Funerals Become All Too Common Events When You Reach a Certain Age

A pair of leather boots and a light weight jacket in the laundry room.

A green duffle bag and an iPad.

It is difficult to believe that just a few months ago you found yourself mildly irritated that every time your 87 year old father visited he left something at your house. Sometimes the forgotten items would remain at your house for a few weeks until you traveled to see your father or he finally made his way back to your home. Other times, your father would return the next day, driving the six hours round trip immediately he realized that something had been forgotten. In the case of the leather boots and jacket, your dad was in no rush to come retrieve the items. When he realized that he had forgotten the iPad, however, he returned the next day to reclaim what he sometimes jokingly called his pacifier. As a way to pass time in the morning after breakfast, after lunch, and again in the evening, often both your dad and his wife will play and watch television for hours.

When the weather is good and in the mornings when your father is full of energy he is out playing cards with his friends, working in one of his shops, or mowing on one of his riding tractors, your dad has been none to work for hours on end. When it comes time to rest, however, the iPad is all he really needs. And it was the forgotten iPad that warranted your dates next day return trip.

Today, you only wish your father could forget some more things in your house. After nearly two weeks in hospice care last month, your father passed peacefully at home.

In his recliner.
With his iPad in his lap.

Saying Good Bye to Friends in Hospice Care Can be Mildly Comforting

Tomorrow you will say goodbye to one of your favorite teaching colleagues. You and this teacher could not have been more different. He was no nonsense while you are all about the nonsense. He was very tidy, you are not. He did not have to fill every empty space with chatter, you talk nonstop. What you did share, however, was a desire to help kids. He treated each student who entered his classroom with respect and made sure they learned something each day. He was prepared each and every day to make a difference in a young person’s life both in the classroom and on the soccer field. It was a privilege to work with him for most of two decades.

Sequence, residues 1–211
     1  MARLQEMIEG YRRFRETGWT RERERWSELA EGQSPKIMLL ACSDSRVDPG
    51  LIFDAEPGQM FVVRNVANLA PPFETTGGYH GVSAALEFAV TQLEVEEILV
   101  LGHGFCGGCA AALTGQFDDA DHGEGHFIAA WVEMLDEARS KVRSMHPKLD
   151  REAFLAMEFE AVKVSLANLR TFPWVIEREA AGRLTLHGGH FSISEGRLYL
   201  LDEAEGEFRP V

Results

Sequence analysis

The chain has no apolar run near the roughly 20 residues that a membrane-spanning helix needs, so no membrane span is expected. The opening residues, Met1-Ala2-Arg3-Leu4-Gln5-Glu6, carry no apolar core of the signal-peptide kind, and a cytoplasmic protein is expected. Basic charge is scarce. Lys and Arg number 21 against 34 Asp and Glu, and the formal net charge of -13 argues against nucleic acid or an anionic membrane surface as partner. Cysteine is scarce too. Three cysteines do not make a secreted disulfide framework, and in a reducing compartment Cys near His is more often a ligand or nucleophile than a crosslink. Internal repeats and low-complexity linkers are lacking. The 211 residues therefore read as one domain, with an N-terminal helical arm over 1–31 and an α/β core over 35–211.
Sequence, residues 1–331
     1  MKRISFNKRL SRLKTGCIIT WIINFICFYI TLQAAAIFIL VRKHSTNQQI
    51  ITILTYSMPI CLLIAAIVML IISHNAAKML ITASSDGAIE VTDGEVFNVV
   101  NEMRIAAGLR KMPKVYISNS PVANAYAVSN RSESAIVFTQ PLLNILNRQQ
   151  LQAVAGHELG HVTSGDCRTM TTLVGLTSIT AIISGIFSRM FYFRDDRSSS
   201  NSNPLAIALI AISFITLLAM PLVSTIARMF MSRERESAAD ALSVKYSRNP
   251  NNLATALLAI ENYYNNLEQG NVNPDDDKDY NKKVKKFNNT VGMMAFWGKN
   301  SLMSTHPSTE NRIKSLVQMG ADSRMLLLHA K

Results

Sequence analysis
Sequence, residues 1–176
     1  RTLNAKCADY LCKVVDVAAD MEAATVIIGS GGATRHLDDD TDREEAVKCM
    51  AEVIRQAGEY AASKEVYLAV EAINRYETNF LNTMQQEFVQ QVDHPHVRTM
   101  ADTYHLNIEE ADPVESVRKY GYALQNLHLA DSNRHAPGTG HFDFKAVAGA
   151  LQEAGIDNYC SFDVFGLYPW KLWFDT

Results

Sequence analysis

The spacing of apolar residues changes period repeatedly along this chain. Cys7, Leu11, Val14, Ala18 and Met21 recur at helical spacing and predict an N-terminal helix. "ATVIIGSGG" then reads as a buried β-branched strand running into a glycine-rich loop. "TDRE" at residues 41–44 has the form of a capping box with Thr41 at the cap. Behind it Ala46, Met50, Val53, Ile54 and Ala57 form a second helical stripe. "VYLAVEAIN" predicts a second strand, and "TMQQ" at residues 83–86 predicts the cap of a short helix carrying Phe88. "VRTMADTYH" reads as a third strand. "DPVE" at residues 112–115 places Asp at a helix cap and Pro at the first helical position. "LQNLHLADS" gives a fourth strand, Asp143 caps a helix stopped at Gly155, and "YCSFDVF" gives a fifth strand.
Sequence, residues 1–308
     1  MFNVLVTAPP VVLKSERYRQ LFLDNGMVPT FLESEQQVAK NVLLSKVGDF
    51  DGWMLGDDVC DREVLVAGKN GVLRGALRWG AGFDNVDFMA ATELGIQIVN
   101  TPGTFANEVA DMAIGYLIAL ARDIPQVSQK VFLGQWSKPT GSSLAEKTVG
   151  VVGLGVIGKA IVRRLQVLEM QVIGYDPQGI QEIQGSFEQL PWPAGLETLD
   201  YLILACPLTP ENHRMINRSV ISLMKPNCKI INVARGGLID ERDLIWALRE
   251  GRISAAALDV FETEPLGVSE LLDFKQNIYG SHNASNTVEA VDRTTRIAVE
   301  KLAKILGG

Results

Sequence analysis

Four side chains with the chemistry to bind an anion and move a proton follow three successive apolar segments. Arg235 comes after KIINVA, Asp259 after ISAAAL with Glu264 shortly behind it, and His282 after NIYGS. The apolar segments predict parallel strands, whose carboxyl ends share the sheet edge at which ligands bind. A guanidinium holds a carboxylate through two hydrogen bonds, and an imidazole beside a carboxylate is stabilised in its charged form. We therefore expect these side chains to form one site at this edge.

Whether you are recently mourning the loss of a parent or a work colleague, death is rarely easy. When your loved ones are in hospice care at home or in a hospital you often have time to prepare yourself for the end. when a death occurs suddenly, though, the shock can add to the troubles that you face. And while not all people will spend he last days of their lives in hospice care, it certainly can be a comfort for families who do.

Consider these facts and figures about the many benefits that holistic hospice care facilities can offer both patients, as well as their friends and family members:

  • Only 5.4% of hospice patients in th year 2015 were under the age of 65.
  • The history of hospice dates back to the 11th century, when a religious order of monks established hospitals along a pilgrimage road leading to the city of Jerusalem.
  • Hospice typically starts after a formal referral has been made. After the referral, a hospice representative will then visit the patient within 48 hours.
  • As an opportunity to expand the offerings, Senators Frank Church and Frank E. Moss introduced the first hospice legislation to provide funding for these programs back in 1974.
  • As many as 1.381 million Medicare beneficiaries were enrolled in Hospice for 24 hours or more in the year 2015 alone.
  • The number of hospice patients grew from 513,000 in the year 2000 to nearly 1.4 million in 2015. these enrolled patients are served by Hospice staff members who are on call 24 hours a day and seven days a week.

Death is not easy, but hospice care can make it more manageable.